L.A. Creatives and Teachers Rally Today for Resources and Respect in Downtown (2)EXPAND
Courtesy UTLA

L.A. Creatives and Teachers Rally Today for Resources and Respect in Downtown

R.E.S.P.E.C.T. The Aretha Franklin hit makes a perfect anthem for teachers in Los Angeles, now more than ever. Helping shape the perspectives of future generations and sharing knowledge makes teaching one of the most important professions there is, and yet it remains one of the most underappreciated.

This afternoon, thousands of teachers, students, artists and supporters will take to the streets to fight for public education and demand respect for what they do. Promoted under the hashtag #AllIn4Respect, the protest rally takes place in downtown’s Grand Park at 4 p.m. and will include a full day of multicultural entertainment. Scheduled to appear: Grammy Award–winning musician Martha Gonzalez of Quetzal, singer Marisa Ronstadt and Xochi Flores-Castro of Los Cambalache will perform together, along with The Pacoima Singers (an award-winning, multi-ethnic performing arts group at the Pacoima Middle School Film, Media & Performing Arts Magnet in the San Fernando Valley), the #StudentsDeserve Marching Band, the Rock Band Club of Cortines High School and Korean Drumming Seminar Students from Robert F. Kennedy High School/UCLA Community School.

Speakers will include Rebecca Garelli, a middle-school science teacher who led the walk-ins and successful strike in Arizona; Alex Caputo-Pearl, UTLA president; Cynthia Matthews and Adrian Tamayo, UTLA Bargaining Team members; Marshe Doss, an 11th grader at Dorsey High School, leader in the Students Deserve coalition, activist in Black Lives Matter and Reclaim Our Schools L.A.; and Eulalia Garcia and Eloisa Galindo, parent organizers who recently fought off a co-location by a charter school.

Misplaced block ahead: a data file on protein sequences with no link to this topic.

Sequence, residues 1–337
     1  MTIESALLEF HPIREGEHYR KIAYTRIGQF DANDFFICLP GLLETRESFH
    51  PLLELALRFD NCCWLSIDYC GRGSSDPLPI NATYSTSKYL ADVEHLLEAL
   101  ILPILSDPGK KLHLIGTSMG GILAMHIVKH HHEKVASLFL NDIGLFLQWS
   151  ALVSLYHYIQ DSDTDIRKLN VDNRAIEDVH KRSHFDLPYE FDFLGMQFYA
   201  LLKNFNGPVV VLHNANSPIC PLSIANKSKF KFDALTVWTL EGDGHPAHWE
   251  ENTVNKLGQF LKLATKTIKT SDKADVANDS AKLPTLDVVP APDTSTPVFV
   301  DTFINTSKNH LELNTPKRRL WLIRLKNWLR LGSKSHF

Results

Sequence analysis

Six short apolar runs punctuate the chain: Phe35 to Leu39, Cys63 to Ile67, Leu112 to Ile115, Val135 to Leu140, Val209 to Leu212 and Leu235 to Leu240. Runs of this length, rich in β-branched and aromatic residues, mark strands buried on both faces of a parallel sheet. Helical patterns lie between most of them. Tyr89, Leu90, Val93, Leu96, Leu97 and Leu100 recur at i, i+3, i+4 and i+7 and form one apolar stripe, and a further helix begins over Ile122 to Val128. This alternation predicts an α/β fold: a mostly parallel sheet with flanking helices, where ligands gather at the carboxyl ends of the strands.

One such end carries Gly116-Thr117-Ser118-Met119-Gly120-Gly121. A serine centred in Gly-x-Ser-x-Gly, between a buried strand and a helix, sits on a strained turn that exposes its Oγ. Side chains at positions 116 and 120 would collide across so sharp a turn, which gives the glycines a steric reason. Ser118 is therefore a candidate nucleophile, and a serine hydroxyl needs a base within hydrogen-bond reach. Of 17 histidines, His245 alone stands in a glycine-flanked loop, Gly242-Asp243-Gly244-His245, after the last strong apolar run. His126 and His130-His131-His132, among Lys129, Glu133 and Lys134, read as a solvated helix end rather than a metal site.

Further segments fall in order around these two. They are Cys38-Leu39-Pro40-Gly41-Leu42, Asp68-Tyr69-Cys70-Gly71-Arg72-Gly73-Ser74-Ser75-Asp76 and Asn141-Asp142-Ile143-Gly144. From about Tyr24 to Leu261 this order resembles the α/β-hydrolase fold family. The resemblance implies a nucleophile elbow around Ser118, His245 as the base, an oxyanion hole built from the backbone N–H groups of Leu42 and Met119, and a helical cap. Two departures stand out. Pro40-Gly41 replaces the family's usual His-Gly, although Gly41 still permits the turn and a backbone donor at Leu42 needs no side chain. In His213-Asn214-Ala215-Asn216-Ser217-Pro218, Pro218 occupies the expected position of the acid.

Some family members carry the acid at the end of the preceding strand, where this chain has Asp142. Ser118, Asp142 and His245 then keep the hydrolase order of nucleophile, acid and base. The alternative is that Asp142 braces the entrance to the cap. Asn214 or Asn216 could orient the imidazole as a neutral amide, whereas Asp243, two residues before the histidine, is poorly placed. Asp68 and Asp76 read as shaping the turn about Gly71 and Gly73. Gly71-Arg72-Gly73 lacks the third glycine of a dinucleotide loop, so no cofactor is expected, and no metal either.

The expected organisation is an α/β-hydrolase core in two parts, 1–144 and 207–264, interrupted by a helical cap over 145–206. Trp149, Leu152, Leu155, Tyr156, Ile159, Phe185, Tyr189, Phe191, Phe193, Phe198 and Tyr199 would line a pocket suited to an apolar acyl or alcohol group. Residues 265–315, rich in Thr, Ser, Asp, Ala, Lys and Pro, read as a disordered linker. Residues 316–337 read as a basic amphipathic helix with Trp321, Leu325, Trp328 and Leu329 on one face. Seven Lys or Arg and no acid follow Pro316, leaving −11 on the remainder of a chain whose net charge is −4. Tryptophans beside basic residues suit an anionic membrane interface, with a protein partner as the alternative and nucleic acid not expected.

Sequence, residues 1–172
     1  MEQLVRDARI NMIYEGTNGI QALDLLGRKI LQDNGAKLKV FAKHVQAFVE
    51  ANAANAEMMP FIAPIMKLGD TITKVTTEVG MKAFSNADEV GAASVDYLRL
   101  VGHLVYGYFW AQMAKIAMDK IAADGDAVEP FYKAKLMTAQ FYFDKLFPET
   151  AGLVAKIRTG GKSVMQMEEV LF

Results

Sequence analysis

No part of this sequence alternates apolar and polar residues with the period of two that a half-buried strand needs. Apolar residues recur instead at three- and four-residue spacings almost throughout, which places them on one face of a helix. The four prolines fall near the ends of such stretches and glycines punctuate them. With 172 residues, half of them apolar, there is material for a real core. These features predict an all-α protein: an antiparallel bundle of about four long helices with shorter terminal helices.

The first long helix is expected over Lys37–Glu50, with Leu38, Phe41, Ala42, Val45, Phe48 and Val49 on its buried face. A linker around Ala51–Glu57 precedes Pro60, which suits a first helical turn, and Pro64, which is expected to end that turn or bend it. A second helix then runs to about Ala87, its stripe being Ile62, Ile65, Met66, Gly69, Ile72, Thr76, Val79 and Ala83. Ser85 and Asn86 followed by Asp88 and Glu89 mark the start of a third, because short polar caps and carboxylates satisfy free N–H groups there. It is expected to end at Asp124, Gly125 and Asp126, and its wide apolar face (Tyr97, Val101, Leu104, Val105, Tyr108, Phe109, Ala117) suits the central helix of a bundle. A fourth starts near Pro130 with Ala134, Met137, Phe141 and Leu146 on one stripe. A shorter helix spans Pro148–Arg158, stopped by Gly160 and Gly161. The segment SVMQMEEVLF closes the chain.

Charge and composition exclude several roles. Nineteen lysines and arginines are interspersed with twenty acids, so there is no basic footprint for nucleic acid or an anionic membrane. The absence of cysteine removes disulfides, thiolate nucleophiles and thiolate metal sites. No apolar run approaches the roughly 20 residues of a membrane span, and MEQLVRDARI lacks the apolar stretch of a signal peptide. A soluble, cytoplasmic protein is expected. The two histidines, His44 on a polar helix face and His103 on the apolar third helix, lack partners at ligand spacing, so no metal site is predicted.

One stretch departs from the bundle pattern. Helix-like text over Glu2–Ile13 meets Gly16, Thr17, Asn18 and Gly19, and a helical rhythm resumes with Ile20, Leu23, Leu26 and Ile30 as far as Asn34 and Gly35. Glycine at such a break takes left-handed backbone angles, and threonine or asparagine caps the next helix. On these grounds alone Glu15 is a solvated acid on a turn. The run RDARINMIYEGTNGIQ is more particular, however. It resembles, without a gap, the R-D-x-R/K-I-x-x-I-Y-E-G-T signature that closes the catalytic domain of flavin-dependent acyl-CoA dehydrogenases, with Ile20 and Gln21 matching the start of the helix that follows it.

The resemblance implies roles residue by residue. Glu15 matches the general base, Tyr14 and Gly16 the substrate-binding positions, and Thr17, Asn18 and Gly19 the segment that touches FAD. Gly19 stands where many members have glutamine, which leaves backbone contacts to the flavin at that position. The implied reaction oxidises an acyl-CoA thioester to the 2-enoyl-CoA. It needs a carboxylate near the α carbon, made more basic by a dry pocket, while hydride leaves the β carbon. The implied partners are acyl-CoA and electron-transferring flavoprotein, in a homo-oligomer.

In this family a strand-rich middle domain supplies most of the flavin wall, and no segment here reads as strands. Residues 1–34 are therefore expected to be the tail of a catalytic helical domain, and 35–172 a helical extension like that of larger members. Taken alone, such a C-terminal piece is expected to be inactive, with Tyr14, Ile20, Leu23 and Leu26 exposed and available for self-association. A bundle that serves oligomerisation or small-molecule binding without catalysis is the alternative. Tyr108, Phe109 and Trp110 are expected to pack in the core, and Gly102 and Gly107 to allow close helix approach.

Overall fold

According to United Teachers Union L.A., after one year of talks, and with a $1.7 billion projected reserve, LAUSD refuses to make progress on key bargaining issues, including fair pay raises, smaller class sizes, more nurses, counselors, psychologists and librarians, less testing and more teaching, charter and co-location regulation, school safety and more.

L.A. Creatives and Teachers Rally Today for Resources and Respect in Downtown (3)EXPAND
Courtesy UTLA

"In a state whose economy is the fifth largest in the world, we rank 48 out of 50 in teacher-student ratio. LAUSD has some of the largest class sizes in the state," says UTLA's director of communications, Anna Bakalis. "While the LAUSD School Board recently accepted a 174% salary increase, they refuse to move off of an insulting 2% pay raise for us, as the cost of living has gone up 27% since 2006."

Bakalis adds that over-testing remains one of the biggest areas of concern for educators and parents. and the district refuses to bargain on this issue. Last year, elementary school students took more than 100 standardized tests. "That’s an unacceptable loss of instructional time, on top of unsustainably large class sizes," Bakalis says. "This year, one kindergarten class started with 47 students! Could you imagine?"

"Decades of underfunding our schools leaves us 46 out of 50 in per-pupil funding," she continues. "The ability to collectively bargain a contract for our members presents great opportunity, not just to our members but for our students and communities. Our working conditions are our students’ learning conditions. Rampant privatization efforts have gutted our classrooms. It is time to say enough is enough."